What is a Chancellor?
A chancellor is a college official whose role varies from institution to institution. There are at least three possible roles for chancellors.
- Honorary title: chancellors who hold an honorary title are associated with a college or university for such purposes as fundraising and publicity, but do not have any authority in the college. Universities in Great Britain typically use “chancellor” in this way, and the chief executive officer for the university holds the title of vice-chancellor. Some US colleges also have chancellors whose position is honorary; an example is William & Mary.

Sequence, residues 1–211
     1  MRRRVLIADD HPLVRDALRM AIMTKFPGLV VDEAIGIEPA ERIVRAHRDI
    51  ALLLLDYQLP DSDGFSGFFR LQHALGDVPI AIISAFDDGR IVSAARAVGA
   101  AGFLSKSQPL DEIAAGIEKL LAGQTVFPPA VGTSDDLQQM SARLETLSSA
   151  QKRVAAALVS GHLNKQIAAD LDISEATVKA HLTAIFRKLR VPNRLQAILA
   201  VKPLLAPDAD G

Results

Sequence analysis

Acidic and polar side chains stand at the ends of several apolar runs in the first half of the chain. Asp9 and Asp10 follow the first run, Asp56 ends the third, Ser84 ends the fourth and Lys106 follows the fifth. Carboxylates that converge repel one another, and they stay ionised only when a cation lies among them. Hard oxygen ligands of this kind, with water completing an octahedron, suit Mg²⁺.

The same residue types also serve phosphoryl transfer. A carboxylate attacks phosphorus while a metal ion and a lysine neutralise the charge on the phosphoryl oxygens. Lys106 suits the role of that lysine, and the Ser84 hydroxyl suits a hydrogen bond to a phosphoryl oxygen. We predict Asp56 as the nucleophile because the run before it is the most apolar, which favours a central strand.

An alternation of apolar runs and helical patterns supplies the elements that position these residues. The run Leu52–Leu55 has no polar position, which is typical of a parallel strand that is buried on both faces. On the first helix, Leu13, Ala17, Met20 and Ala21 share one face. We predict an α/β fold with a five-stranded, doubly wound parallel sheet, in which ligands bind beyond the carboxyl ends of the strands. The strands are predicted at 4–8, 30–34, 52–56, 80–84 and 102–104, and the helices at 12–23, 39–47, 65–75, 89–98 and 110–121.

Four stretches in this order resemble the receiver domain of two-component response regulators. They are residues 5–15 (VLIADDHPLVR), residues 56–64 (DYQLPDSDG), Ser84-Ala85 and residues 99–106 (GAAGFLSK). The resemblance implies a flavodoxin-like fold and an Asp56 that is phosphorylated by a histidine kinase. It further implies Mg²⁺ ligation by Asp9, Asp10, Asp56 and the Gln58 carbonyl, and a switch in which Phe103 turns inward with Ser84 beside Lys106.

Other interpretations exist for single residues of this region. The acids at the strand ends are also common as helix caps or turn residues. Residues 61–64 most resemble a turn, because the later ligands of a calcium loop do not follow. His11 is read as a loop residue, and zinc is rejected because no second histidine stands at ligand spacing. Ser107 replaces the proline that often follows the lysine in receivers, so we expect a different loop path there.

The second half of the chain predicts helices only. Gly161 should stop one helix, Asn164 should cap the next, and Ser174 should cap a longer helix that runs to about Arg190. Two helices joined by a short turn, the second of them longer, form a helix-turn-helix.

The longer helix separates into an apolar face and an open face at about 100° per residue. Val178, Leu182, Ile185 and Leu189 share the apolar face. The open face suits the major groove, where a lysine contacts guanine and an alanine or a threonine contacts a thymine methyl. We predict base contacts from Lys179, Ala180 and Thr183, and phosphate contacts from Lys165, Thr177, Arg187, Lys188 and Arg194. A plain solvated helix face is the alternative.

- Chief executive officer for an institution: some universities use the title of “chancellor” instead of “president” for the administrator who leads the institution. For example, the University of Kansas and the University of Pittsburgh are each led by a chancellor.
- Chief executive officer for a university system: some states have university systems, where multiple campuses share administrative oversight but also have some campus-specific control. Some of these systems are led by a chancellor, with each separate campus led by a president: an example of this is the State University of New York (SUNY) system. In other state systems, the leader of the whole system is called “president,” and each campus’s leader is called “chancellor”; examples of this approach are the University of California system and the University of Missouri System.